As you see, "parar para comer" and "parar de comer" tm sentidos bem opostos!

TIP: you must recognize if the verb after "stop" is a verb in action or a verb with noun function. If it's action, must be infinitive; if it's noun it takes the gerund form. Same principle applies to the other verbs: try, forget, remember

TRY: a) Please try to do your homework this evening. "Try to do something" implies making an effort to start something. In other words: Please, make an effort to do your homework this evening.

b) I have an idea! Try doing your homework in the evenings. "Try doing something" implies suggestion: experiment the option of doing your homework in the evenings instead of in the mornings. Again, as you see in example (a), "to do" is a verb; and in example (b) "doing" is a noun (an option of doing something).

REMEMBER: a) I didn't remember to turn the lights off when I left. It means: At that specific moment in past I didn't remember to perform an action: to turn the lights off.... (to turn = verb / infinitive form) b) I don't remember turning the lights off when I left. It means: At this present moment I don't recall the moment or the event in the past of turning off the lights. (turning = noun / gerund form)

Do you REMEMBER learnING how to ride a bike or how to drive a car? All learnings are like this, slow at first, then we improve naturally - if we persist and practice the skill! So, STOP procrastinatING and TRY puttING more attention when you read! STOP TO think about this and TRY TO REMEMBER TO read these tips when you are in doubt about what to use (infinitive or gerund). And, if you haven't got these differences yet, ask me and I'll explain it all again.

II. In English, if you want to follow a verb with another action, you must use a gerund or infinitive. For example:
We resumed talking. (gerund verb + ing) I want to see a movie. (infinitive to + base


There are certain verbs that can only be followed by one or the other, and these verbs must be memorized. Many of these verbs are listed below.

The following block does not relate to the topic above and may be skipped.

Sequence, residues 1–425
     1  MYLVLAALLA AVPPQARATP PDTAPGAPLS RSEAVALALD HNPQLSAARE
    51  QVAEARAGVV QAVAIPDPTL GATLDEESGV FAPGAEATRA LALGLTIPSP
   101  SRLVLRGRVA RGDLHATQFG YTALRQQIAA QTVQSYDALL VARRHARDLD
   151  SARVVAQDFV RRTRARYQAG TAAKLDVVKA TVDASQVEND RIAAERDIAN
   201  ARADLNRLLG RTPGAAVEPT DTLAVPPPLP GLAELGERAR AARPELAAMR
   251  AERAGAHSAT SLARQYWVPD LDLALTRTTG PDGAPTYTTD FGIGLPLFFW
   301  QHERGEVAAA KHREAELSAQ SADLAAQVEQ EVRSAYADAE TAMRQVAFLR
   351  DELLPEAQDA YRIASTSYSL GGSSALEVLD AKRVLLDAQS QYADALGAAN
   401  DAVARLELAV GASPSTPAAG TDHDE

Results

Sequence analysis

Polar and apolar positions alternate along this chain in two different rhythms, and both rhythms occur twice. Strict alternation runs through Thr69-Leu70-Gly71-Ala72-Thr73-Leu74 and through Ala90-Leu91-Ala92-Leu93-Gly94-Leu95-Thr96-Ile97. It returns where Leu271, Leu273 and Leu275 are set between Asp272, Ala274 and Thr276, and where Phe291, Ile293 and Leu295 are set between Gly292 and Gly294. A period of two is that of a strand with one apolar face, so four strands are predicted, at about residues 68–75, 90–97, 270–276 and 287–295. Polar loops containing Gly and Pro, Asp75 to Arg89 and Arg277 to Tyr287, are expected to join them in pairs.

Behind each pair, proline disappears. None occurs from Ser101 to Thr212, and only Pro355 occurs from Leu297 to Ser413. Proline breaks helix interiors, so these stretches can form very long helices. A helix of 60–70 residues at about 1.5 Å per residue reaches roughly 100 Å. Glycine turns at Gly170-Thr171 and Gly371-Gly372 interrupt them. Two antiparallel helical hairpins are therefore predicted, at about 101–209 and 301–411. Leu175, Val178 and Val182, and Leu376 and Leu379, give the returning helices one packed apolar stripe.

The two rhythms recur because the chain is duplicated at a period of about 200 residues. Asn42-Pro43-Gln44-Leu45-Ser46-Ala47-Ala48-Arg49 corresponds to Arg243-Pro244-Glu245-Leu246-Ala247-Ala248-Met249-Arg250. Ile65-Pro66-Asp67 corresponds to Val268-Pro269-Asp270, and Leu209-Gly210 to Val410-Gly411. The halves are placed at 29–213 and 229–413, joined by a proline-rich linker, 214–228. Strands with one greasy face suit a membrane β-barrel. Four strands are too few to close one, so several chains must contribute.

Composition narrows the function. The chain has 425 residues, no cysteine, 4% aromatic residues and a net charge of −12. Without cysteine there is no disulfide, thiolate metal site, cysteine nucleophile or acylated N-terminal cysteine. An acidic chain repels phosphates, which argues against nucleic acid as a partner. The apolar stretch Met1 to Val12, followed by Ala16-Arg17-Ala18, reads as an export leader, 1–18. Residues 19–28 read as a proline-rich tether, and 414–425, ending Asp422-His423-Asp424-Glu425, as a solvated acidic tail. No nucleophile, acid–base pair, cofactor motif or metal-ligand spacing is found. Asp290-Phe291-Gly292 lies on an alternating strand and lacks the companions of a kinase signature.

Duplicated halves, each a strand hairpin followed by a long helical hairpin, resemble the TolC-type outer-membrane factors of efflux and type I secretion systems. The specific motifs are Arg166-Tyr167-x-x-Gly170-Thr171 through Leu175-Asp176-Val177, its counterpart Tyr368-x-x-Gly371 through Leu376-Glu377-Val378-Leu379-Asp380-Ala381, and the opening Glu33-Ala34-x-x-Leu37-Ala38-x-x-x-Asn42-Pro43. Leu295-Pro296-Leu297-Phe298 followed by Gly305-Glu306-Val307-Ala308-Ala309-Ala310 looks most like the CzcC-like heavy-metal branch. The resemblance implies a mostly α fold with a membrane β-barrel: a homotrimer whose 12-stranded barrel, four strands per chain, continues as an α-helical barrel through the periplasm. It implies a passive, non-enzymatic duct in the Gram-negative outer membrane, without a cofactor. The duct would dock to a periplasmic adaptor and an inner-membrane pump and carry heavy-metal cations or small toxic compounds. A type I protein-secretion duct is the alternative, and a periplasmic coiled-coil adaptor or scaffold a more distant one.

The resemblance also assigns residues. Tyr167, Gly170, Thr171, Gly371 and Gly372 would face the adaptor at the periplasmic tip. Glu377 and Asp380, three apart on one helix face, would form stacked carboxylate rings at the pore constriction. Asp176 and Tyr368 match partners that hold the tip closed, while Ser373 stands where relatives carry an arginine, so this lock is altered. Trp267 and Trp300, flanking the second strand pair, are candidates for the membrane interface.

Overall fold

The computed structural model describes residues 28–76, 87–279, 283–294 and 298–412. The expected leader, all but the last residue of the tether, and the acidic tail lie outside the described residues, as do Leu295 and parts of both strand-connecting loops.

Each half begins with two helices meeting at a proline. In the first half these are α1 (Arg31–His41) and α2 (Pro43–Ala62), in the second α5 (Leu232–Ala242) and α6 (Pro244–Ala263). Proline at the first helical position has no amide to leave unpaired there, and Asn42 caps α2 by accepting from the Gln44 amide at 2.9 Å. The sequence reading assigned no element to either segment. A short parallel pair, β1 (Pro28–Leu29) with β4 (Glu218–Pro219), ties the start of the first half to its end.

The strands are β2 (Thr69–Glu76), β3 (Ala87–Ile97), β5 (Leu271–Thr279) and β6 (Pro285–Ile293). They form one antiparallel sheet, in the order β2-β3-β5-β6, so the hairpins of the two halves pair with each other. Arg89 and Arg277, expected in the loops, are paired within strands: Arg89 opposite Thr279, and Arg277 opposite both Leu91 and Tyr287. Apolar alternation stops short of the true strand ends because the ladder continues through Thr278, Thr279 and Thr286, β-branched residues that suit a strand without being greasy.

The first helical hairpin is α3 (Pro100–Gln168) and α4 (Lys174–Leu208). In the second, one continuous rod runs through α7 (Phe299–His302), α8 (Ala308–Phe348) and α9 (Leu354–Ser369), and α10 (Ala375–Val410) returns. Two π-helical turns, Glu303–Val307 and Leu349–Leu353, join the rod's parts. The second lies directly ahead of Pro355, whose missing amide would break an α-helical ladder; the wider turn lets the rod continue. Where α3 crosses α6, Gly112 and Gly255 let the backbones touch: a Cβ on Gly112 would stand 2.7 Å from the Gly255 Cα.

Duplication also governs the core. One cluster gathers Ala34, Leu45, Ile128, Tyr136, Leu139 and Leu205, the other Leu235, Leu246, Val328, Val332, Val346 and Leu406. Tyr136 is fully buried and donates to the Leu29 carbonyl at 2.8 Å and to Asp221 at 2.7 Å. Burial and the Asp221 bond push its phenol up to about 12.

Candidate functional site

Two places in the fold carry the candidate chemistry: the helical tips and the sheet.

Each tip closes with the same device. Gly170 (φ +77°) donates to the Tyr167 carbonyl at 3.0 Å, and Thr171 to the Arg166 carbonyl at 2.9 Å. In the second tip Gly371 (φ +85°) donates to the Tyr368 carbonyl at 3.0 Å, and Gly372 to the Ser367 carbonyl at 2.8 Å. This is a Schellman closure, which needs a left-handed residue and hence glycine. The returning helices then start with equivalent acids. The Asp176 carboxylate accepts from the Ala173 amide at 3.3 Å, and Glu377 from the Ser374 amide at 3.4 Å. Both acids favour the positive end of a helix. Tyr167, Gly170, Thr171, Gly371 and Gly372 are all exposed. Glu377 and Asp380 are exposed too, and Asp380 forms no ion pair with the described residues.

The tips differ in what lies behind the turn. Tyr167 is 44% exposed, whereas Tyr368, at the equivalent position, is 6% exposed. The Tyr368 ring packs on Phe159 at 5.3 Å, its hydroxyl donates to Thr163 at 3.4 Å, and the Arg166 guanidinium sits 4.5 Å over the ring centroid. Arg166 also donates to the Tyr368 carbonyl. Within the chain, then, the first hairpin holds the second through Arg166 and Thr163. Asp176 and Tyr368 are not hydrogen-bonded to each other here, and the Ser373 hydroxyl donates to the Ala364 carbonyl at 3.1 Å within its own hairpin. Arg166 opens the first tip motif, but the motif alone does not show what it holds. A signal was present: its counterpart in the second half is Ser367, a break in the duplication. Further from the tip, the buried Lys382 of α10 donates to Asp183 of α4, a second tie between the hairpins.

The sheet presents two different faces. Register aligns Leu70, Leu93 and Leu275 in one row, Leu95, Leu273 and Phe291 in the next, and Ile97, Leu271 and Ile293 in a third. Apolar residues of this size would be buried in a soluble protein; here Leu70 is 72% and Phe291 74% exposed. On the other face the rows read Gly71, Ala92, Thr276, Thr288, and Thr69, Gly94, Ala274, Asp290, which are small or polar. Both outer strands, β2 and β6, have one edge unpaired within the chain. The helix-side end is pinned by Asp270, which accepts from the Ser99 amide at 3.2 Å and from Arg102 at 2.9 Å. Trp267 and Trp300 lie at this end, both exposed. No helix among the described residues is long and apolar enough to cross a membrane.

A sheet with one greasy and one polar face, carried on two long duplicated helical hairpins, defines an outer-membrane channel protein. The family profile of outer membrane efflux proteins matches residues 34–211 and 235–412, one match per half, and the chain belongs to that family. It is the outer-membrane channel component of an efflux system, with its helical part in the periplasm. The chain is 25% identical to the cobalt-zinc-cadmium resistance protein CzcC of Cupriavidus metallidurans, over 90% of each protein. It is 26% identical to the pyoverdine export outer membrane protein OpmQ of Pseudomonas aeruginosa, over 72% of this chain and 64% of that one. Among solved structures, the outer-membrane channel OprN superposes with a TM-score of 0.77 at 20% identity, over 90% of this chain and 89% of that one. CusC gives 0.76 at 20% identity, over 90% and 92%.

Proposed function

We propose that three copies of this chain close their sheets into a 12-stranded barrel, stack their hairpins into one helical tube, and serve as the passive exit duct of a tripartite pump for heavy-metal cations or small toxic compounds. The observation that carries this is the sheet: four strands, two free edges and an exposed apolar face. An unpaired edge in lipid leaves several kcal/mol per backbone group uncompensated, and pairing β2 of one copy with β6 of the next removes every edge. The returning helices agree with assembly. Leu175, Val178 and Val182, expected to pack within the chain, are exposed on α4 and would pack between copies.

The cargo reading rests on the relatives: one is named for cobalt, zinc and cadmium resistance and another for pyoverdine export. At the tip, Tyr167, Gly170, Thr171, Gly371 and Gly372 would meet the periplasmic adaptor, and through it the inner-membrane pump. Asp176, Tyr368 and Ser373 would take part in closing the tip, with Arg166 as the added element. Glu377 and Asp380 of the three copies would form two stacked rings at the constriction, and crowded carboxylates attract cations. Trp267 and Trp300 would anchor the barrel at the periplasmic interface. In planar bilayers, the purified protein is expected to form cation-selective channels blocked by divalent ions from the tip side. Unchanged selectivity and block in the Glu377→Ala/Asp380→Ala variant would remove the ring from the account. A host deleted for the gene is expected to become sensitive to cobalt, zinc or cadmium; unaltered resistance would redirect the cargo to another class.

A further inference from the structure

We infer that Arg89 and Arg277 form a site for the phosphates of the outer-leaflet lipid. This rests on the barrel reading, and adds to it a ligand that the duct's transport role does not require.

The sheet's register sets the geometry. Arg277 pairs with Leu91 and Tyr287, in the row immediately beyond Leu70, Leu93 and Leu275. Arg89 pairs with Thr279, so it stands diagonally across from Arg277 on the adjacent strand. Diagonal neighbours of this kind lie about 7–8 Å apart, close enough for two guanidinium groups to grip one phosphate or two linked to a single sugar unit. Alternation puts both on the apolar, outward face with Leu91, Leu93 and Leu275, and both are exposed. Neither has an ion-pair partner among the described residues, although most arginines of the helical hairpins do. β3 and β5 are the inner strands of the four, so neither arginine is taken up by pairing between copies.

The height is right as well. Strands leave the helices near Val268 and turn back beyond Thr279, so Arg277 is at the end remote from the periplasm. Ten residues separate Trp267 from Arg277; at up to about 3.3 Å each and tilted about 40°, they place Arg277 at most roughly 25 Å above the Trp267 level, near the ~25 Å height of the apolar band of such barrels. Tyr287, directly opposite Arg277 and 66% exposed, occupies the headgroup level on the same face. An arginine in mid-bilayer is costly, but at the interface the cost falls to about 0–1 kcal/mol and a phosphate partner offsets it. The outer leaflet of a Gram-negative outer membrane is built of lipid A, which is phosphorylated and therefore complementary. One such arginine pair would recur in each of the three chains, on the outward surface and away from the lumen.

Common verbs followed by a gerund:

Example: He misses playing with his friends.

abhor acknowledge admit advise allow anticipate appreciate avoid be worth cant help celebrate confess consider defend delay detest discontinue discuss dislike dispute dread endure enjoy escape evade explain fancy fear feel like feign finish forgive give up (stop) keep (continue) keep on mention

mind (object to) miss necessitate omit permit picture postpone practice prevent put off recall recollect recommend report resent resist resume risk shirk shun suggest support tolerate understand urge warrant

Common verbs followed by an infinitive:

Example: She threatened to quit if she didn't get a raise.

agree appear arrange ask attempt beg can/cant afford can/cant wait care chance choose claim come consent dare

decide demand deserve determine elect endeavor expect fail get grow (up) guarantee hesitate hope hurry incline learn manage mean need neglect offer pay plan prepare pretend profess promise prove refuse remain request resolve say seek seem shudder strive struggle swear tend threaten turn out venture volunteer wait want wish would like yearn

Verbs followed by a gerund or infinitive with little to no change in meaning:

Example: It started to rain. / It started raining.

begin cant bear cant stand continue hate like love prefer propose start

Verbs followed by a gerund or infinitive with a change in meaning:

I forgot to meet him.


(I didnt meet him because I forgot to do it.)

I forgot meeting him.

(I dont have the memory of meeting him before.)

He went on to learn English and French.

go on

(He ended one period of time before this.)

He went on learning English and French.

(He continued learning the languages.)

She quit to work here.


(She quit another job in order to work here.)

She quit working here.

(She quit her job here. She doesnt work here anymore.)
I regret promising to help you.


(Im sorry that I made the promise.)

I regret to tell you that we can't hire you.

(Im telling you now, and Im sorry.)

She remembered to visit her grandmother.

remember She stop

(She didnt forget to visit.)

remembered visiting her grandmother.

(She had memories of this time.)

I stopped to call you.

(I interrupted another action in order to call you.)

I stopped calling you.

(I stopped this activity. Maybe we had a fight.)

I tried to open the window.


(I attempted this action but didnt succeed.)

I tried opening the window.

(This was one option I sampled. Maybe the room was hot.)